Coronary heart, disease is the leading cause of death and disability in both men and women in industrial nations. From 1988 to 1998, the death rate from coronary heart disease actually declined 26.3%, resulting to some extent from the recognition and treatment of modifiable risk factors. The clinical observation that traditional risk factors for atherosclerosis cannot account for all patients who develop coronary heart disease or stroke has stimulated interest in reevaluating these factors and considering other determinants of pathogenesis. Our understanding of atherogenesis has evolved from a focus on lipid deposition within the arterial wall causing obstruction to the broader view of an inflammatory process which involves specific cellular and molecular responses to endothelial dysfunction. As a consequence, "emerging" cardiovascular risk factors and preventive strategies have been proposed. For example, there is an increasing understanding of the pathology of hypercholesterolemia and the benefits of lipid-lowering medications (specifically statins), the role of oxidative stress, and antioxidant, homocysteine, and hypercoagulable states. This review examines the data for these and other emerging risk factors, with specific attention to gender differences.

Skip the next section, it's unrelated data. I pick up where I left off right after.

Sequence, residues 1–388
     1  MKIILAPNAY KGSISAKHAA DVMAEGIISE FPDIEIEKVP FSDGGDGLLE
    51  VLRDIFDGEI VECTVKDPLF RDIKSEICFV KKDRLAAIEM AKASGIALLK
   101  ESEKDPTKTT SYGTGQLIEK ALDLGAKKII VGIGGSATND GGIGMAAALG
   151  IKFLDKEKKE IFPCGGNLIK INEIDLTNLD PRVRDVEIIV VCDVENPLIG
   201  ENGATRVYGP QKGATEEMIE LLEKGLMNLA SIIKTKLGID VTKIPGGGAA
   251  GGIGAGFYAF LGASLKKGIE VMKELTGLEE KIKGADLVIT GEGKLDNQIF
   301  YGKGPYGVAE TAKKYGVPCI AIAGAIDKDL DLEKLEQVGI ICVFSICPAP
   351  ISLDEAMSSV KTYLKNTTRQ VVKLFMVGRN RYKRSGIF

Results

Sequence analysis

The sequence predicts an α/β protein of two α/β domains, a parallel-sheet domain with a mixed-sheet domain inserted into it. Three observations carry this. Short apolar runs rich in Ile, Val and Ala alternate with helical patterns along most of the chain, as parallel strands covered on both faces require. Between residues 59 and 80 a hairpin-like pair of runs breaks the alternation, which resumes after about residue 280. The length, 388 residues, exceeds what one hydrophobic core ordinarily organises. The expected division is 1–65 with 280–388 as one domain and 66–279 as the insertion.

|Number of pages
|Mount Sinai Journal of Medicine
|Published - Oct 2002
- Coronary artery disease
- Coronary heart disease